Communication and Rhetorical Studies
McAnulty College and Graduate School of Liberal Arts
Ronald C. Arnett
This dissertation brings together three scholarship areas: rhetorical theory and analysis, hostile urban architecture and design, and Sloterdijk’s version of posthumanism. I synthesize these complementary areas to address the following questions: How do architecture and design contribute to the rhetorical meaning-making of being human and facilitate the communication of that meaning to others? How do different types of architecture and design produce the material contexts for conceptualizing what humanness means and contribute to the development of fore-structures for interpreting and communicating that humanness (e.g., hostile architecture and barbed wire)? How can we conceptualize various types of architecture and design, or materials in general, as the fore-structures that allow us to domesticate and dehumanize, or create and communicate humanness? What makes a human for Sloterdijk? Domestication. What domesticates a human for Sloterdijk? Technology. Architecture and design are technologies. They are rhetorical materials that separate audiences based on how one can physically interact with them and make meaning from the interaction. One can read architecture and design based on fore-structures provided by a culture, but not all audiences will read architecture and design in the same way. I argue that the various meanings imbued in these materials are purposive and a result of these constructed spaces as material fore-structures. In this dissertation, I look to the forgotten spaces, the banal design of our everyday lives, the overlooked materials, and the taken-for-granted elements of our built environments to better understand their importance as rhetorical artifacts that contribute to the ongoing process of hominization and domestication. In our environments, architecture and design play an essential role in who we are and what we can know about being human. My argument goes as follows: Architecture and design are rhetorical and contribute to the constitution of being human. Posthumanism is a network of related theoretical concepts that argue for the continued contingency of the concept of human. Sloterdijk is a posthumanist that contends we have always been posthuman, or that we are always in the process of domesticating ourselves as human. For Sloterdijk, space, structures, and design help to bring us back to our originary dyadic-ontological state and separates the animal from the human. Hyde and Smith’s ontological rhetoric, and material rhetoric, help us to understand how we are born into structures—both linguistic and physical— imbued with meaning. Rhetorical theory helps us explain how we interpret and use the meaning that we are given from our interactions with architecture and design to understand and make claims about what is and is not human. My rhetorical analysis of hostile urban architecture and design grounds these ideas in specific examples from our lived experience. We are born into meaning that comes from our lived spaces. We use that meaning to interpret the world of architecture and design that we are embedded in, and that meaning is part of what we use to separate the human from the non-human, or to humanize and dehumanize.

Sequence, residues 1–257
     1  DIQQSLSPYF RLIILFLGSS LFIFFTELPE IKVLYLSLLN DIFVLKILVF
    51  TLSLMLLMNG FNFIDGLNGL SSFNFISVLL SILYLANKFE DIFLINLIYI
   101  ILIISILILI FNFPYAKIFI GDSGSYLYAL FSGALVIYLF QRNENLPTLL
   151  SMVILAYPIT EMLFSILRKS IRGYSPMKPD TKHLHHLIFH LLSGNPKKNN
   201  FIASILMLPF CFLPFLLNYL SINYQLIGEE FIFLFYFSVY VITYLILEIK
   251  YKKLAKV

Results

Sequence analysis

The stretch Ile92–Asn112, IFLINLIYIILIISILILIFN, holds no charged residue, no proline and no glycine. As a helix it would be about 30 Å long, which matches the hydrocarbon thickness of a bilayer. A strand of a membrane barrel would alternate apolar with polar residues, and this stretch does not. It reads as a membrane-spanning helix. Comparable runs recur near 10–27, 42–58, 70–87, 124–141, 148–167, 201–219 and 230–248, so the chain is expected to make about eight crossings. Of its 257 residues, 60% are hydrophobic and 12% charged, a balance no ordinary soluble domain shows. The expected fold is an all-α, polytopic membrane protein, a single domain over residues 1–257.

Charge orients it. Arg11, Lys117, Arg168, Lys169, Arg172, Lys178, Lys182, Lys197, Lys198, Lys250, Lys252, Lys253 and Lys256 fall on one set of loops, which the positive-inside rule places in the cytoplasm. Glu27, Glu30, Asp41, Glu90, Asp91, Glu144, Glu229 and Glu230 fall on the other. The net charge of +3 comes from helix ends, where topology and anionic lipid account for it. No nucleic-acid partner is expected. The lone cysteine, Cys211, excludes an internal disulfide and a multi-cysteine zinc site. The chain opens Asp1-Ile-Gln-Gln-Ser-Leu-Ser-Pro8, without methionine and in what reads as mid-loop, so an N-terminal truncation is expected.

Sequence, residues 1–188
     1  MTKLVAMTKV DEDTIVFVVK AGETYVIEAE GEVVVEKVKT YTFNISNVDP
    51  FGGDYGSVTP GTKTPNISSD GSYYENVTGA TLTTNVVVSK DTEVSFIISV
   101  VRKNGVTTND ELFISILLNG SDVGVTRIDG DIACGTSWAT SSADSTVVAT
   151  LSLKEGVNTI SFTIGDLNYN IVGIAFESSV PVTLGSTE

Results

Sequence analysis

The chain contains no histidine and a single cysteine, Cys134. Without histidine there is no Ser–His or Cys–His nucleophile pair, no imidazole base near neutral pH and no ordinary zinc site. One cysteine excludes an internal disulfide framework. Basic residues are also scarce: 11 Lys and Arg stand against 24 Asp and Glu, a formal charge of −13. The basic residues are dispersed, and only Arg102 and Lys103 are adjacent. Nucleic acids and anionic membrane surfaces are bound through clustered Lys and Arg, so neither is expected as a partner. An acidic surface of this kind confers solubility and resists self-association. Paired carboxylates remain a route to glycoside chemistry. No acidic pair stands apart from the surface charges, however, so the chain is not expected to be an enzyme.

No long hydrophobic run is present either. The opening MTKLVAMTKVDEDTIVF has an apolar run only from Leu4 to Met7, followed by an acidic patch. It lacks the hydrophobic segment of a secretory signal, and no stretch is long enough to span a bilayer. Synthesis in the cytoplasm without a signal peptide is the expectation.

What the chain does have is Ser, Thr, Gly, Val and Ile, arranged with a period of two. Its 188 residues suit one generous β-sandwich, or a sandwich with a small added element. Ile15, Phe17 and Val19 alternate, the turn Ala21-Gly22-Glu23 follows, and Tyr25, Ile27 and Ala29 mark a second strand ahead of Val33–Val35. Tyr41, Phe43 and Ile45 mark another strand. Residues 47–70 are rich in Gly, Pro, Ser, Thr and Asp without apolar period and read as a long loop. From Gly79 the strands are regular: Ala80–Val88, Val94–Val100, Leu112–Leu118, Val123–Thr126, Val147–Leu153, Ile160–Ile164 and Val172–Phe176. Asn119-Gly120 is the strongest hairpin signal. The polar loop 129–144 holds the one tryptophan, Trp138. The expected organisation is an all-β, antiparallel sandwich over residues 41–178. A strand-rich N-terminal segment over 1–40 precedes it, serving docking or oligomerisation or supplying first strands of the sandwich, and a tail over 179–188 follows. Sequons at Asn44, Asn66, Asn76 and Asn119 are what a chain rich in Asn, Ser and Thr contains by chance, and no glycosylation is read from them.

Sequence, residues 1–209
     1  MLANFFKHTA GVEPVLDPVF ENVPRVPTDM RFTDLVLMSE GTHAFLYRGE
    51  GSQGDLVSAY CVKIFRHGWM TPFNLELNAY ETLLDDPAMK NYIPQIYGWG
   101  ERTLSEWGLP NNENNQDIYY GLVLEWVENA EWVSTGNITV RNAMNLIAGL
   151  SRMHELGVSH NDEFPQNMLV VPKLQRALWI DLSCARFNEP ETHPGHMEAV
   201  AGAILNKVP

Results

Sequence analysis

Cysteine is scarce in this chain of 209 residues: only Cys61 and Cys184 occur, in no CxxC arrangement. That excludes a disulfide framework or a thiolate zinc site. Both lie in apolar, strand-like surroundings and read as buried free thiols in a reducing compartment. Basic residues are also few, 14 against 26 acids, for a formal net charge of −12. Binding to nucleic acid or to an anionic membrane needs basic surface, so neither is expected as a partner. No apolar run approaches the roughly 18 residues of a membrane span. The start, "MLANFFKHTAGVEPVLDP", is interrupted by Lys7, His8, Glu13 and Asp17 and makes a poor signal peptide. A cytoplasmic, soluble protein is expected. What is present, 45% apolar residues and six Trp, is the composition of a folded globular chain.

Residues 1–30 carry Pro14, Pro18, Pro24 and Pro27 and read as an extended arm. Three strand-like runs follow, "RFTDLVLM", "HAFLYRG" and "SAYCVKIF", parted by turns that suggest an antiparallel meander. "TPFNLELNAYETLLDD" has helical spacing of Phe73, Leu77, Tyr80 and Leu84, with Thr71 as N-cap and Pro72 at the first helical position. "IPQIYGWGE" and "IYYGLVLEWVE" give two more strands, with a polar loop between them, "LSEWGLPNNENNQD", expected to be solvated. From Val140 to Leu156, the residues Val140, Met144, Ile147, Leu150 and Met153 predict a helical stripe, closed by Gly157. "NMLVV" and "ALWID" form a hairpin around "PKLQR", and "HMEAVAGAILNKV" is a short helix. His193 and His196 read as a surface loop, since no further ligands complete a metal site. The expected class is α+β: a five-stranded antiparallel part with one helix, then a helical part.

Aungst, B. W. (2021). You Are Not Welcome Here: Sloterdijk’s Posthumanism and the Rhetoric of Hostile Urban Architecture and Design (Doctoral dissertation, Duquesne University). Retrieved from https://dsc.duq.edu/etd/1959
Available for download on Saturday, May 07, 2022